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Russia's Newest Holiday, National Unity Day

29. October 2009 by Christy 0 Comments

A controversial new Russian holiday was created only a few years ago in 2005. National Unity Day, also called People’s Unity Day, is celebrated on November 4th. There are several historical events surrounding this date, but some Russian citizens wonder about its true meaning and necessity, and choose to protest rather than celebrate.

 

It was in November of 1612 that Russian heroes Kuzma Minin and Dmitry Pozharsky led Russian troops to victory by evicting Polish invaders from Moscow and ending the Time of Troubles. During this period of Russian history, there was no tsar or patriarch to guide the people. The remarkable way that all classes of Russian society worked together and fought the invasion was the basis for the name of the holiday.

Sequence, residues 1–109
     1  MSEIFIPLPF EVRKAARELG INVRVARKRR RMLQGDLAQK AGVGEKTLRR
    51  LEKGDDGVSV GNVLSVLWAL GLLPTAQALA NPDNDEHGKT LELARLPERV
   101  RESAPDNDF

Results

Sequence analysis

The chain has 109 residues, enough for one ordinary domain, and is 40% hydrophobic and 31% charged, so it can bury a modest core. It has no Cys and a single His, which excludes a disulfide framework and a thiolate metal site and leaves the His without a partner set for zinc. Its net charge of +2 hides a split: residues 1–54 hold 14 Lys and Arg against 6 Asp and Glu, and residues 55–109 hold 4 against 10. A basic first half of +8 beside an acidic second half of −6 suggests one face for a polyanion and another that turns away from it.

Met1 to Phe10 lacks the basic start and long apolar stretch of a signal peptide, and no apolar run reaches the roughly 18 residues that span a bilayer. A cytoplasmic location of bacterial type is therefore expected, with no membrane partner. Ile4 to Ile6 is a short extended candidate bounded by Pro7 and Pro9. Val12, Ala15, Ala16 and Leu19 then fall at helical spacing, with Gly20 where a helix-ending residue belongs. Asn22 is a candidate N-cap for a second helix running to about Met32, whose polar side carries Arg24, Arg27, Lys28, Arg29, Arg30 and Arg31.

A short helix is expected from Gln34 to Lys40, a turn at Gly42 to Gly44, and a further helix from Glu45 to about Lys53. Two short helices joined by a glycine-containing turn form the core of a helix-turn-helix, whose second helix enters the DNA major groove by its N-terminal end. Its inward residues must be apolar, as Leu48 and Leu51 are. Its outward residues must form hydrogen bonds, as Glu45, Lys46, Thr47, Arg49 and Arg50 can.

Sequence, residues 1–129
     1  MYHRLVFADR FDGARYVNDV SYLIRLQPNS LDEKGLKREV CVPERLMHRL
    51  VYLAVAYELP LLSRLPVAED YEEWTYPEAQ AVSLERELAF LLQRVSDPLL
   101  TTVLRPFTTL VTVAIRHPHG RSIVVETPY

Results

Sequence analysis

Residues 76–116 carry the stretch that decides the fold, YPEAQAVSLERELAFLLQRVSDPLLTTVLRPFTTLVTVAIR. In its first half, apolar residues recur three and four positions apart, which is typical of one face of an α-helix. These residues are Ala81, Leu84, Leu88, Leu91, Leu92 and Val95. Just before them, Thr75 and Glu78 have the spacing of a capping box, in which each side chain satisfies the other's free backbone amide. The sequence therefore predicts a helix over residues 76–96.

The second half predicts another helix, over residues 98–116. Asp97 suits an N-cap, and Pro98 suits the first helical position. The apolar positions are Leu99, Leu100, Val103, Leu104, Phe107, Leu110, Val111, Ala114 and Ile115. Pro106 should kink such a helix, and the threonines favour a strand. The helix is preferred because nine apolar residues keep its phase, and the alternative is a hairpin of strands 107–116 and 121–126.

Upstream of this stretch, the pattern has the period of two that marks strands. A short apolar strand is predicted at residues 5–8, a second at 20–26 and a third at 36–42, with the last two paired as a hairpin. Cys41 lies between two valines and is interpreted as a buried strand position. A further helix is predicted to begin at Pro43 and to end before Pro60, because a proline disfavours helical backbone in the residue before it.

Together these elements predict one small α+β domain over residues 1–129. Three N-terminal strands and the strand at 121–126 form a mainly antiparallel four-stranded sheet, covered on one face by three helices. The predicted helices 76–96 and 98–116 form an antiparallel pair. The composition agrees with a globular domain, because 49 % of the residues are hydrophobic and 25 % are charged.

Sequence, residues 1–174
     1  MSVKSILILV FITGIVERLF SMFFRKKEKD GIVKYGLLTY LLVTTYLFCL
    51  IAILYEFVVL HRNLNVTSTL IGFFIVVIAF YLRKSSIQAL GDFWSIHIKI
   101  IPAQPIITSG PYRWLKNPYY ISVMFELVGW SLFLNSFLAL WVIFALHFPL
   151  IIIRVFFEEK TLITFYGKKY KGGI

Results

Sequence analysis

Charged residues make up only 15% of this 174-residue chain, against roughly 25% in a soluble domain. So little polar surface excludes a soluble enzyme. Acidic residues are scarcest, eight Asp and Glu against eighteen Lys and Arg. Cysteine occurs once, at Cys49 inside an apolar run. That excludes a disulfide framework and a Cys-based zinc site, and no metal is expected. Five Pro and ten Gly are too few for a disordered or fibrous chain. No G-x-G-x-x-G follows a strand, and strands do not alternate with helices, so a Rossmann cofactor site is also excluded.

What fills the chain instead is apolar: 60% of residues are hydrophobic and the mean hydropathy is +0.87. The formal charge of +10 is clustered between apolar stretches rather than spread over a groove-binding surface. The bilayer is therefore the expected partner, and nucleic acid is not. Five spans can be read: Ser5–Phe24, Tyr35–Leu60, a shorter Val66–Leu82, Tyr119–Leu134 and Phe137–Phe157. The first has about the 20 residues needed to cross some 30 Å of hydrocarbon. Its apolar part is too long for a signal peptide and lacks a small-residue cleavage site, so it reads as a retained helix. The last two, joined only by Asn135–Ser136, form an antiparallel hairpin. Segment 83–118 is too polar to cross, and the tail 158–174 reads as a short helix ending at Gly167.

There is also another significance to the date of November 4th in Russian history. It was this day in the year 1721 that the St. Petersburg Senate voted to grant Peter the Great the status of “Father of the Nation and the Emperor”, effectively creating the Russian Empire.

 

This new holiday replaced a November 7th holiday known during the communist era as the Day of the Great October Socialist Revolution, which honored the 1917 Bolshevik revolution and which was renamed Accord and Reconciliation Day after the fall of the Soviet Union. Many communists boycott the new November 4th holiday and still demonstrate and protest on November 7th.

 

Since Unity Day is only a few years young, not many Russians fully celebrate it. A movie titled 1612 was made in 2007 to raise awareness about the new holiday and explain the history behind it. The film is based on the historical events but does feature fantasy elements such as unicorns. Despite the promotional efforts, the average Russian citizen still does not understand why this new holiday was created, although I’m sure they enjoy the day off from work.